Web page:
I just watched an interesting 10 minutes talk in TEDx format by Patrick Walsh with an appealing title “Everyday Citizens and the UN 2030 Sustainable Development Agenda”.
He covered in a brief yet comprehensive, attention captivating style important and complex points ranging from the genesis of the UN 2030 Development Agenda to YOU and what YOU can do for the success of its implementation.
I particularly appreciated his novel example of a women, stranded on a desert island, who sets up a company, a household and a government and how she would not knowingly harm herself or the environment around her for her grandchildren. He depicted this fictional instance to illustrate the ‘disconnects’ in the current world we live in and how ‘stakeholder partnerships’ could address these issues as we go along the implementation of the 2030 agenda.
In short, his key message was to recall the responsibility for implementation by the people and to induce successful stakeholder partnership at local, national, regional and global levels.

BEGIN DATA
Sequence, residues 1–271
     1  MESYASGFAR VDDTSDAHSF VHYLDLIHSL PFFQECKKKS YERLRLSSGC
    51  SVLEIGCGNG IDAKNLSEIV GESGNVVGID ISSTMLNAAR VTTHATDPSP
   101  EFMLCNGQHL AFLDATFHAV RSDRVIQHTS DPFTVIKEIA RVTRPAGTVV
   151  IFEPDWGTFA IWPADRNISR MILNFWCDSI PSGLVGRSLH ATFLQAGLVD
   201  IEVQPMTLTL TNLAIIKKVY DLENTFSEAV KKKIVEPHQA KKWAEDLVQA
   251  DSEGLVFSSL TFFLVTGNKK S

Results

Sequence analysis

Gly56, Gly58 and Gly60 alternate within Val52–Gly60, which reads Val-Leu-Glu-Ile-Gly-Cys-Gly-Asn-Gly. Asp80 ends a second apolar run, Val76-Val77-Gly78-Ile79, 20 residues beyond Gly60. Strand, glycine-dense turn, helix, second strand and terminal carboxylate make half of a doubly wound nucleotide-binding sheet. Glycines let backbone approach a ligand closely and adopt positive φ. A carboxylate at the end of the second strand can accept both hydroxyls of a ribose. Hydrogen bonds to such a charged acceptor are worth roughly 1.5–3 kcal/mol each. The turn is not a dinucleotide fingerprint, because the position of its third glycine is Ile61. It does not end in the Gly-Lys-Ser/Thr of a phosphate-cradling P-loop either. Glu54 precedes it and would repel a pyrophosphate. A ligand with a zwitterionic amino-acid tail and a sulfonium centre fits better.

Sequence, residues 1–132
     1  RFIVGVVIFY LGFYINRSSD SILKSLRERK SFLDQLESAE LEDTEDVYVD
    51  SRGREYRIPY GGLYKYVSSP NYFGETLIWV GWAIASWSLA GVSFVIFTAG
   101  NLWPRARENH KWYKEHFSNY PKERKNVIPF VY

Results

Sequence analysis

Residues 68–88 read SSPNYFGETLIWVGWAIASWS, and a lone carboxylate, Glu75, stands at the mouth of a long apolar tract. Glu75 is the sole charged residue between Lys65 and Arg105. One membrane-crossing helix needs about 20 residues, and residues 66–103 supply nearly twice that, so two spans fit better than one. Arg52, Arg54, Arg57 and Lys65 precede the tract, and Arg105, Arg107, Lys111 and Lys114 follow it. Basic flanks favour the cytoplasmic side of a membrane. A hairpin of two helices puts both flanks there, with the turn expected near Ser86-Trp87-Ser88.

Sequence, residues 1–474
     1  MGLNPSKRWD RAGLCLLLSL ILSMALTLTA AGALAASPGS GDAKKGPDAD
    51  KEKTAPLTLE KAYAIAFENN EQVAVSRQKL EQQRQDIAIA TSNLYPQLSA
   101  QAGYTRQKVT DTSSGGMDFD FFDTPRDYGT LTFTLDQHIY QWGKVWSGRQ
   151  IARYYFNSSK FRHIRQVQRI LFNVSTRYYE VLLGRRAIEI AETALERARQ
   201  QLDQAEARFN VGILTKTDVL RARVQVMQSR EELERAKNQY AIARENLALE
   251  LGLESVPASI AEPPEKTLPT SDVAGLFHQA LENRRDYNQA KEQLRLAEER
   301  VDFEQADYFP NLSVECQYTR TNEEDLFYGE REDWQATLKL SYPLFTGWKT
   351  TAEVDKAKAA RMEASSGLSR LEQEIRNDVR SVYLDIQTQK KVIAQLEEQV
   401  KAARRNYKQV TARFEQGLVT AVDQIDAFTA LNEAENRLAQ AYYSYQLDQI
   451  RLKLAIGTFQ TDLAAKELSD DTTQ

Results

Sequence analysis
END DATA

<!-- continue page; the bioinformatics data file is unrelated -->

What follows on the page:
- Internet freedom around the world declined in 2016 for the sixth consecutive year.
- Two-thirds of all internet users – 67 percent – live in countries where criticism of the government, military, or ruling family are subject to censorship.
- Social media users face unprecedented penalties, as authorities in 38 countries made arrests based on social media posts over the past year. Globally, 27 percent of all internet users live in countries where people have been arrested for publishing, sharing, or merely “liking” content on Facebook.
- Governments are increasingly going after messaging apps like WhatsApp and Telegram, which can spread information quickly and securely.
Interestingly, the report displays a chart showing Internet Freedom vs Internet Penetration and GDP without providing any comment.
The chart triggers a variety of questions ranging from the linkages between Internet Freedom and GDP up to the correlations between ICT growth, development and democracy.
Indeed, the Internet presents the ‘Dictator’s dilemma’ for authoritarian regimes.
On one hand, shutting it down can hurt their economy. On the other, leaving it open and unrestricted can threaten their power grip as it facilitates their citizens’ ability to access and share political information and engage collectively.
Most often respond to this dilemma through sophisticated and opaque ways, taking advantage of the tool, by for example promoting e-government as a means to strengthen their authoritarian rule while tightening control and surveillance. (see figure from the World Development Report 2016 – Digital Dividends)